You know how people fill online baskets with clothes they never buy? I do that now with food. I see something advertised, compile an extravagant order, then don’t follow through. In the past few weeks, I have almost ordered hand-pulled noodles, oysters and something described as a “pistachio black forest gateau” (I am still thinking about that one).

It’s a new iteration of emotional eating, still apparently my main hobby and way of marking the passage of time. Friday is pizza, Saturday is jumbo Hula Hoops, Easter Sunday was fistfuls of Mini Eggs, anticipated then enjoyed with the abandon of one of the worst Roman emperors. Most evenings, my husband and I stand in the kitchen rationalising that it’s perfectly reasonable to have what he calls “a proper apéritif” (he means crisps with our drinks, but wants to sound sophisticated).

This long haul of repetitive living has me in thrall to taste and texture; to sweet, salt and spice. Wedged in my roomiest trousers like a giant boat in the Suez, I am reduced to issuing warnings to people I am finally seeing in real life. “I haven’t stopped eating in a year,” I plead. “Please pretend you haven’t noticed.”

Many of us are emerging, sheepishly, into the spring sunshine in suboptimal condition. In an international study, UK citizens reported the highest levels of weight gain compared with other countries. The usual “shape up for spring” advice seems supercharged by collective shame at our long locked-down months of crumb-covered inactivity and alarm at the prospect of in-person socialising. Diet tea adverts are bursting out everywhere like spring flowers and Paul McKenna is back on daytime TV, trying to persuade women they don’t like cake.

How bad should we really feel? “One maladaptive way to cope with stress and negative emotions is unhealthy eating patterns,” says another recent study on pandemic weight gain – rather judgmentally, I feel. Obviously, it would be better if we all managed stress with regular exercise, hydration and wholegrains – and the way the food industry exploits our weakness for sugar and fat has real public health implications – but we need compassion, not ketosis.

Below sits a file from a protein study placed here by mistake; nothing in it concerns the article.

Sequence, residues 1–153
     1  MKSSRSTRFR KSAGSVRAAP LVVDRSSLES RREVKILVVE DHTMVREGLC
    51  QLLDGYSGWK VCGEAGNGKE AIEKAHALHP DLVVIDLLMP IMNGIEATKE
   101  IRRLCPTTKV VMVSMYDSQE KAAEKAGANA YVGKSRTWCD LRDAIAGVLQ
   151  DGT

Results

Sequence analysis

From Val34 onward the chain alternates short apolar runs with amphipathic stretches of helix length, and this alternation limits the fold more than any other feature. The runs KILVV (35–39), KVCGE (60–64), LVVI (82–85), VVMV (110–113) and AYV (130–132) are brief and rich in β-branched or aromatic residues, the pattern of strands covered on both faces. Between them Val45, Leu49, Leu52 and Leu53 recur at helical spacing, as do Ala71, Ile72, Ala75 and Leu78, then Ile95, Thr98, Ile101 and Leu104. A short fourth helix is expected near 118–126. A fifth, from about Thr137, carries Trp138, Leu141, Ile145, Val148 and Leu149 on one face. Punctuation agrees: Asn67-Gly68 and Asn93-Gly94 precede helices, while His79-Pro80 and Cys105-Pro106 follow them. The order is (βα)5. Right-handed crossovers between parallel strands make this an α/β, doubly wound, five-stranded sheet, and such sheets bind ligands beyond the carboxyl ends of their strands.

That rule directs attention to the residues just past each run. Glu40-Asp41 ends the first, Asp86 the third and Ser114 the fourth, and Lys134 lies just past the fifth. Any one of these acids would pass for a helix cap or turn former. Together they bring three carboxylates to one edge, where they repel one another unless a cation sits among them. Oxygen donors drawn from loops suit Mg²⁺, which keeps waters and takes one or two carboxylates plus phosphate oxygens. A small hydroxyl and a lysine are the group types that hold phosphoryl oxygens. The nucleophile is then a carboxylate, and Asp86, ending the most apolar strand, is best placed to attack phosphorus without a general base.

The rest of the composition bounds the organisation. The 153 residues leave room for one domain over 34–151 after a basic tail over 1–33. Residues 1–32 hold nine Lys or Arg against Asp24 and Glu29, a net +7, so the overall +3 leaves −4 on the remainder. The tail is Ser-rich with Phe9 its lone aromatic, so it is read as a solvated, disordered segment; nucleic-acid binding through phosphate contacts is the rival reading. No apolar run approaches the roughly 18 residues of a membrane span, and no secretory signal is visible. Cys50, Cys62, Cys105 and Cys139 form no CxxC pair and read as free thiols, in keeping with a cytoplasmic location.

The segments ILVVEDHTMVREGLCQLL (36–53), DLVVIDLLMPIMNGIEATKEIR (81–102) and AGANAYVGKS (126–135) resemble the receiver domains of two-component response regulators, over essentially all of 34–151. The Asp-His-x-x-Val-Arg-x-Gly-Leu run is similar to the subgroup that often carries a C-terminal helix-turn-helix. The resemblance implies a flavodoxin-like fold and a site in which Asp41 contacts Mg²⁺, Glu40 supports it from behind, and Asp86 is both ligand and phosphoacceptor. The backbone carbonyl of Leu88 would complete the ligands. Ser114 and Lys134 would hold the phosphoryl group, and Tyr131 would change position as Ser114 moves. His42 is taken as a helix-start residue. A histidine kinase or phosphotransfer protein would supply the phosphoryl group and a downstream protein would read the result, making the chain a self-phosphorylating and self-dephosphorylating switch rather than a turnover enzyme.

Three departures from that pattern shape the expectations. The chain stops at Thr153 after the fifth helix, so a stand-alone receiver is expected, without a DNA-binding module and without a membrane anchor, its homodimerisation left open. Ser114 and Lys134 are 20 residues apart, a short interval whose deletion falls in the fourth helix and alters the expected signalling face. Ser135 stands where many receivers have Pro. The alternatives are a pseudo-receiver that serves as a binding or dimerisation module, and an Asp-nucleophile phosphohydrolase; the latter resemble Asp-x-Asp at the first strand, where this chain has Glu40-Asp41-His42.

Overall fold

We were delighted when the German compound noun kummerspeck – literally “grief bacon”, meaning sadness-induced weight gain – entered our vocabulary, but coronaspeck gets surprisingly short shrift. Can’t we treat it as what it is: a hunt for comfort when many sources are off limits?

Food has done some very heavy lifting for many of us. As a veteran of two thankfully long-distant spells of treatment for eating problems, I know how intimately food and feelings are enmeshed. Part of my recovery was understanding how food becomes an unhelpful proxy for other emotions, but an equally important part was accepting that eating is, and always will be, a true and important pleasure.

It’s no surprise that we have needed that pleasure in the past year. Some people have a strictly functional relationship with food – how weird much of the world must seem for them – but the rest of us find divorcing eating and emotion impossible and wrong-headed.

Imagine being Jack Dorsey, the CEO of Twitter and a notorious bio-hacker, for whom calories seem to be merely another route to self-optimisation. His recent broadcast from his monastically bleak kitchen sparked delighted hilarity, including a jolly thread on his own platform that speculated what he might feed you if you went round for dinner: “delicious mountain air”, “room-temperature alkaline water” and “one organic quinoa grain on a burlap strip” were three suggestions.

We feel bad about the visual record of our fear, frustration and sadness – but it’s OK, honestly. Other longed-for delights are here, or are tantalisingly close. Soon, maybe, I will be able to see my sister, or the sea, and empty my online baskets of their ghost meals.

For now, I will keep eating my feelings, which are evolving, but still delicious. Fragrant alphonso mangoes are back, tissue-wrapped like Christmas presents, and a nearby cafe has soft-serve ice-cream with roasted pistachios and morello cherries. I am looking forward to sitting on a sun-warmed wall and dragging a spoon through the layers, cool and sweet, tart and crunchy. Is that emotional eating? Yes, but sometimes the emotion is pure joy.

This content first appear on the guardian

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